But if we look at the gospels in detail, we recognise that was by no means alone in his uncertainty. Perhaps the best text to consider is the gospel of Mark – you will probably recall the tradition that this was written from the teachings of Peter during his last years in Rome – Mark was his companion and helped to record his miracles. It has been suggested that the original text of the gospel ended half way through what is now chapter 16 with the discovery of the empty tomb by the woman and the comment – they ran away from the tomb because they were frightened out of their wits, and they said nothing – for they were afraid – not a confident faith in the truth of the resurrection but fear and uncertainty . After this verse my version of the gospel in the Jerusalem Bible simply gives a row of doubts – it is as if Peter is saying, – well this is the story – I’ve told you everything, and it is now up to you to reach your own conclusions.
The gospel of Mark now continues with a further 12 verses – it is suggested that these were added later to balance with the other gospels and to describe the experiences of the early disciples in the days after the resurrection. But they are by no means positive. Rather than an enthusiastic faith in the truth of the resurrection, the first part is more an account of the doubts and hesitations of the early disciples.
The Lord appears to Mary of Magdala – but when she goes to speak to some of the other disciples – who were said to be in mourning and tears, the gospel simply says – they did not believe here.
Then there is an echo of the story of the appearance of the Lord on the road to Emmaus. We need to go to Luke’s gospel to find the full story – Mark simply says that the Lord appeared to two of the disciples as they went on their way into the country – in Luke’s gospel they return with haste – but they can hardly tell their story for the others respond – yes it is true – the Lord has appeared to Simon – but Mark’s version is much harsher – they went back and told the others who did not believe them either.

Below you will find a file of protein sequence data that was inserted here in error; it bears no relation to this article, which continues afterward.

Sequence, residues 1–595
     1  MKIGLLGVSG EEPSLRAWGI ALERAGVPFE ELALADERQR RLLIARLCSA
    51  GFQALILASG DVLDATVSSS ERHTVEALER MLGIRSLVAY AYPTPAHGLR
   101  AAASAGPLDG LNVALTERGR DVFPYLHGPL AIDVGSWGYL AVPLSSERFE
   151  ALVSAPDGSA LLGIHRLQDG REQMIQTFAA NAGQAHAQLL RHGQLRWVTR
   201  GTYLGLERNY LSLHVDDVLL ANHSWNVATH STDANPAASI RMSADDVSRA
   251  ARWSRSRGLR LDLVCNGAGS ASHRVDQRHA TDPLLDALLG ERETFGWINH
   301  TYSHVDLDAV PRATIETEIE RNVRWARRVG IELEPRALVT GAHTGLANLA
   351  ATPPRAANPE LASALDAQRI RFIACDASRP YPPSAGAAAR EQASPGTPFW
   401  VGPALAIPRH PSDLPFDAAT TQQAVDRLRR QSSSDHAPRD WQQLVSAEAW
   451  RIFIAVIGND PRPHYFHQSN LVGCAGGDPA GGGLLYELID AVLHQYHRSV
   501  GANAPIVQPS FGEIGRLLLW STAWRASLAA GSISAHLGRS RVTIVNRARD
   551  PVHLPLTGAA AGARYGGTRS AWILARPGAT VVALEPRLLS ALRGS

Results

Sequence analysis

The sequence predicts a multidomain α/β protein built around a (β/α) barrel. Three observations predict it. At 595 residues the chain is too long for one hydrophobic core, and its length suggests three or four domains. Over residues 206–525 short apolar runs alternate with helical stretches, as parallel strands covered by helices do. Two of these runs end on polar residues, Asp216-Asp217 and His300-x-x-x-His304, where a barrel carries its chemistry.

And Mark complete his story with an account of how the Lord appeared to the Eleven apostles while they were at table and reproached them for their obstinacy and incredulity because they had refused to believe those who had seen him after he had risen from the dead.
So not an immediate and constant faith shared by all on the first days of the resurrection – Thomas is by no means the outsider – his doubts and refusals were shared by at least some of the other disciples. Yet nevertheless, as we read the different gospel stories during the days after Easter we will see the growth of a confident faith – From John’s gospel there is the appearance of the Lord on the shore of Lake and John’s confident words to Peter – it is the Lord – so that Peter leaps into the water so as to be the first to reach him – And the gospels end in different ways with accounts of the Ascension – of the Lord returning to his Father in heaven – something that they seem to be able to accept and to understand – so the Lord was taken up into heaven – and they going out , preached everywhere, the Lord working with them and confirming the word by the signs that accompanied it.
Thomas, so full of doubts on this day, was one of the most widely travelled of the apostles with the tradition that he travelled to India, converted the Malabar peoples and was eventually martyred near Madras.
So this just part of the story – it is clear that we do not know all the details. But was we go over them, it gives a great sense of confidence which reflects our own experience. At times, possibly a doubt, an uncertainty, but a continuing growth in faith as we come to understand the presence of the risen Lord.